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CORE 52 Chapter 31 The Greatest Command

Last night, Monday, April 6, would have been the night of the championship game match up for the NCAA men’s basketball tournament.  Commonly known as March Madness, it quickly became “March sadness,” as it and all other sporting events involving large gatherings of fans and crowds were quickly postponed. This was an annual event that brought many together in the practice of “filling out your brackets.”  Many times, fellow coworkers or family members would fill out these brackets (table of match ups from the tournament schedule) with no intimate knowledge of the teams playing or experience in predicting the outcome of sporting events at all, much less college basketball.  It would often invite humorous attempts and picking teams based on uniform colors, or whosE mascot sounded scarier (Buckeye versus Wolverine...really? It is even close?) It really is a sad missing segment for many living in this COVID-19 world today.

In the meantime, many have found creative ways to entertain themselves by creating their own “brackets” and attempting to keep themselves and others amused.  I have been in one such discussion regarding an “all time college basketball champion” bracket which includes my beloved Gators from 2007, along with about 5 versions of John Wooden’s great UCLA teams from the 60s and 70s (ask me next week how it all went down; we’re at the sweet sixteen right now).  Others, led by our own Josh Colvin, have had more light-hearted discussions about topics like the most popular Disney movie (Lion King, of course), best restaurant (Texas Roadhouse? I think the fix is in!) or favorite morning cereal (still dealing with the early round loss of Life cereal).  The conversations these topics bring up can always be entertaining and fun, yet they can also leave one with disappointment and shock (How in the world can Cracker Barrel lose to Texas Roadhouse).  From sports, to politics, to restaurants, to movies, we love a good debate.

Apparently, debating was much loved in the time of Jesus, too.  He was often entangled in conversations and debates with the teachers of the law, the Pharisees, or other religious leaders about various topics.  In this week’s CORE 52 reading, we focus in on the last question Jesus is asked by the leaders while alive here on earth.  In Mark 12, Jesus is directly asked, “Of all the commandments, which is the most important?” (Mark 12:28). Now keep in mind, there are 612 different commandments found in the Law and for one to ask which is the most important would seem to be an insurmountable task, and yet Jesus responds immediately with a passage from Deuteronomy known as the Shema, which summed up says, to love God first and foremost. And Jesus doesn’t stop there, He quickly adds on there is a second greatest commandment and it is to love your neighbor as you love yourself (Leviticus 19:18).  The interesting thing to point out with these two commands is not how much better they are than any of the other commands, precepts, laws, and decrees. The amazing observation is that if one were to keep these two commands, you would, in essence, be keeping all of them.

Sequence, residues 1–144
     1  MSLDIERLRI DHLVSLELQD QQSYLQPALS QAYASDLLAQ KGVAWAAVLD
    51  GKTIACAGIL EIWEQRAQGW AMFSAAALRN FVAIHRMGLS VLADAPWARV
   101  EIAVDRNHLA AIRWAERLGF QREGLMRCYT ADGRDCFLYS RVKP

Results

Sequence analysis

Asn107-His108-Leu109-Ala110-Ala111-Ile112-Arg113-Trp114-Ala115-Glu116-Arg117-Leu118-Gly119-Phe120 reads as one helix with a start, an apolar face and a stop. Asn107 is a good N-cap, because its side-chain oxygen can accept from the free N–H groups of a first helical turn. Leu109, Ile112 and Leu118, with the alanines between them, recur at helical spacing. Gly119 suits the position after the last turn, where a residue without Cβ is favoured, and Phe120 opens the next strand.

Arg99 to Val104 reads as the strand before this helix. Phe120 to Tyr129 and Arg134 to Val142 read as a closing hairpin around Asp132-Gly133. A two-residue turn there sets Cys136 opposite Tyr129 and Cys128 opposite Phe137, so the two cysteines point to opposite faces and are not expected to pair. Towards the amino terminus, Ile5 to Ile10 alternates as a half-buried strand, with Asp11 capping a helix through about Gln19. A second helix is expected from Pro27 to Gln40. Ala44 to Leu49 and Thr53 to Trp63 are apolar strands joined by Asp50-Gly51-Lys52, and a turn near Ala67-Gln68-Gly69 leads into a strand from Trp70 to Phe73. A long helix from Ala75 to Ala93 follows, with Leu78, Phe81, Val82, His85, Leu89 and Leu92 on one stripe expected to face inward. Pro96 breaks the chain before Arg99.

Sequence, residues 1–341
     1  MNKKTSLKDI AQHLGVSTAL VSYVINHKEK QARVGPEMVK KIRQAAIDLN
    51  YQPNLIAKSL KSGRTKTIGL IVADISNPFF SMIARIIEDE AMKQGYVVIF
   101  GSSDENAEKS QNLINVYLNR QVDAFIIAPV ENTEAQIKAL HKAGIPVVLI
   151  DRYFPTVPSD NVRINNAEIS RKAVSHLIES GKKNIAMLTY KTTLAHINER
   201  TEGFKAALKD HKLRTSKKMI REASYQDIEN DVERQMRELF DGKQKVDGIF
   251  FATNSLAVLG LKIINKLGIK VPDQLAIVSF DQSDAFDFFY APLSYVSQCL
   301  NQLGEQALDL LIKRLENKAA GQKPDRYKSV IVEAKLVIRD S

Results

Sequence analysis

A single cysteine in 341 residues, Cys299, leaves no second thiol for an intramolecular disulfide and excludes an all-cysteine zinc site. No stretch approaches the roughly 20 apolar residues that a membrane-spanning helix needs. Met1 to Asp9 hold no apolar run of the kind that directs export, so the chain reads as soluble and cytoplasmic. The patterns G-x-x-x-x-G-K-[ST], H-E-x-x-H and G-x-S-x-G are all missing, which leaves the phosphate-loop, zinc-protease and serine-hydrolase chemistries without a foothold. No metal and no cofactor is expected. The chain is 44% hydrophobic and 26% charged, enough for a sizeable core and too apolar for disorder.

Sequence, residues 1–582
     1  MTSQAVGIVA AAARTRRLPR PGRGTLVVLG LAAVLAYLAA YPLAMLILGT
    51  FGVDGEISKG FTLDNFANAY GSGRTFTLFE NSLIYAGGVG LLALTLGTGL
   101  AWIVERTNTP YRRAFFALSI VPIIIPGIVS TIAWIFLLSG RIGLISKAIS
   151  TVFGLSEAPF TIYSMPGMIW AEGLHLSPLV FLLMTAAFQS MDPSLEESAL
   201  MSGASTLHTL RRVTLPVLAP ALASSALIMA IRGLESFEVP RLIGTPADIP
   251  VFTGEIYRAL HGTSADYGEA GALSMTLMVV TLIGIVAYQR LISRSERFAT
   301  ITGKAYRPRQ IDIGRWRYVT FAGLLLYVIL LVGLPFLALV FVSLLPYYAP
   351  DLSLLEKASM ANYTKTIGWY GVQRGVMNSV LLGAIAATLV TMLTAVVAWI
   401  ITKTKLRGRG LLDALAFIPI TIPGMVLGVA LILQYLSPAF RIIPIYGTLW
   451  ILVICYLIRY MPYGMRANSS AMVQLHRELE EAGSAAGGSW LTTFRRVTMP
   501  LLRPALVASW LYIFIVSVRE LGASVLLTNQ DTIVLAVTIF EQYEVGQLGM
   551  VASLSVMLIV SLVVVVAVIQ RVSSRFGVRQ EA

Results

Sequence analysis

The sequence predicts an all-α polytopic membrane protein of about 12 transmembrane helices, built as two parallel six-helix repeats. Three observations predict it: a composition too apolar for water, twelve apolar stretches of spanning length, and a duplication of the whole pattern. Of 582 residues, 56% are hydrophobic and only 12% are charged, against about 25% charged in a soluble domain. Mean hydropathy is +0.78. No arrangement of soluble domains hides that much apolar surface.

That’s the difference in this debate. Often times when trying to determine the G.O.A.T. (Greatest Of All Time) in any category, it eventually comes down to one particular player, movie or car or whatever you might be discussing, which has dominance over all the other participants. For example, I believe Michael Jordan is the GOAT of NBA players, with on one else even close. Or as hard as it is to say this, Tom Brady is the GOAT when it comes to NFL quarterbacks.  There is no room to include anyone else.  You can’t pick a GOAT and have a tag along or let that improve everyone else.  There can be only one!

And yet with Jesus, as usual, expect the unexpected. He clearly identifies the greatest commandments, but not with the intent of lowering the value of or lessening the impact of all the other laws. No, with one simple statement, Jesus exalts every other law to the same level.  Every command of God comes down to two aspects. Love God. Love Others. So when you think about honoring God and have a hard time seeing how picking up groceries for your neighbor or taking your aging mother to the doctor as honoring to God, remember that you are indeed fulfilling the Law and obeying Christ by loving others and therefore loving Him. Obey the two greatest and you are obeying all of what Christ asks of us to do.

Love God. Love Others. Be the Church.

Pete Ramsey